Wednesday, March 04, 2009

Moore v. King County Fire Protection Dist. (9th Cir. - March 4, 2009)

Here's something I haven't seen before.

The Ninth Circuit certifies a question to a state supreme court (here, Washington). Shortly thereafter, in a different case, the state supreme court answers the question. So the Ninth Circuit then withdraws the certification.

Makes sense. Just haven't seen it before.

But this got me thinking: Why did the panel certify the question in the first place? Initially I thought that the answer from the Washington Supreme Court might have been serendipitous, hence explaining what transpired. But nope. The Ninth Circuit certified in September 2008, and the state case that ultimately settled the issue was not only directly on point, but was already pending in the Washington Supreme Court at that time; indeed, state cases recognized even prior to September 2008 that this pending decision would anwer the question. Moreover, looking back at the original certification order, even the panel noted that the pending case in the Washington Supreme Court existed and would answer the question.

Which makes me wonder why the panel decided to certify the question rather than merely stay the appeal? Of course there's always a risk that something will happen in the underlying state case; a settlement, decision on other grounds (however unlikely), etc. But at the point at which the panel elected to certify the question, the oral argument in the pending state supreme court case was scheduled for less than 30 days hence. (Here's proof, since the Washington Supreme Court videotapes these arguments and puts 'em up on the web. How cool is that?)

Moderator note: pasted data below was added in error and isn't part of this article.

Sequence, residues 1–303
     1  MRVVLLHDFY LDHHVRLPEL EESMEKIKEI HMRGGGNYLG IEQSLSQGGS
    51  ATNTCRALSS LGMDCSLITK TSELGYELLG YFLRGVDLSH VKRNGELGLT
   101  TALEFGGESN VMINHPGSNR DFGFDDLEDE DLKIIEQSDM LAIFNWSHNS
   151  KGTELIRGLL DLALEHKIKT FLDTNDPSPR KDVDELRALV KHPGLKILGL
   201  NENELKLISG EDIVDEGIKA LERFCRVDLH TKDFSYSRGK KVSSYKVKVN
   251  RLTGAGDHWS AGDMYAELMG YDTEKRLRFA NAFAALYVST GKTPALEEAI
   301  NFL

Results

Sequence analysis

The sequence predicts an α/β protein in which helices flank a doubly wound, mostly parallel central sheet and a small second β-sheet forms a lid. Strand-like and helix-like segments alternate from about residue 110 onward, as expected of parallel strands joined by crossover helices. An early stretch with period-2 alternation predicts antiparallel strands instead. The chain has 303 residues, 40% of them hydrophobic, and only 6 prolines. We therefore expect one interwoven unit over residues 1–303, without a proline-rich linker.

In retrospect, at least, the panel should have waited, rather than certified. Especially since the Washington Supreme Court (like the California Supreme Court) issues its decisions fairly rapidly after oral argument; in this case, for example, within 90 days of oral argument. So the panel had its answer in January 2009, and a stay could have immediately been lifted at that point.

Parenthetically, it took a month and a half after the underlying decision, and only "after consultation with the Washington Supreme Court" (!), for the panel to withdraw the certified question and resume the appeal.

Did I catch this issue when I first read the certification order in September? No. Not in the slightest. So I'm clearly not blaming the panel for something that I too didn't fully grasp at the time. (Though in my defense, the panel might have known a lot more about the case than I did from merely reading the order.) I do think, however, that the general rule should be to stay -- rather than certify -- if there's a decent reason to believe that the question you'd otherwise certify will be resolved by the state supreme court anyway within, say, six months. No reason to go through the difficult (on all sides) certification process if a simple stay will do the job.

I'll call that "Professor Martin's Certification Rule No. 15". Stay tuned over the years for Rule Nos. 1-14 and 16-30. :-)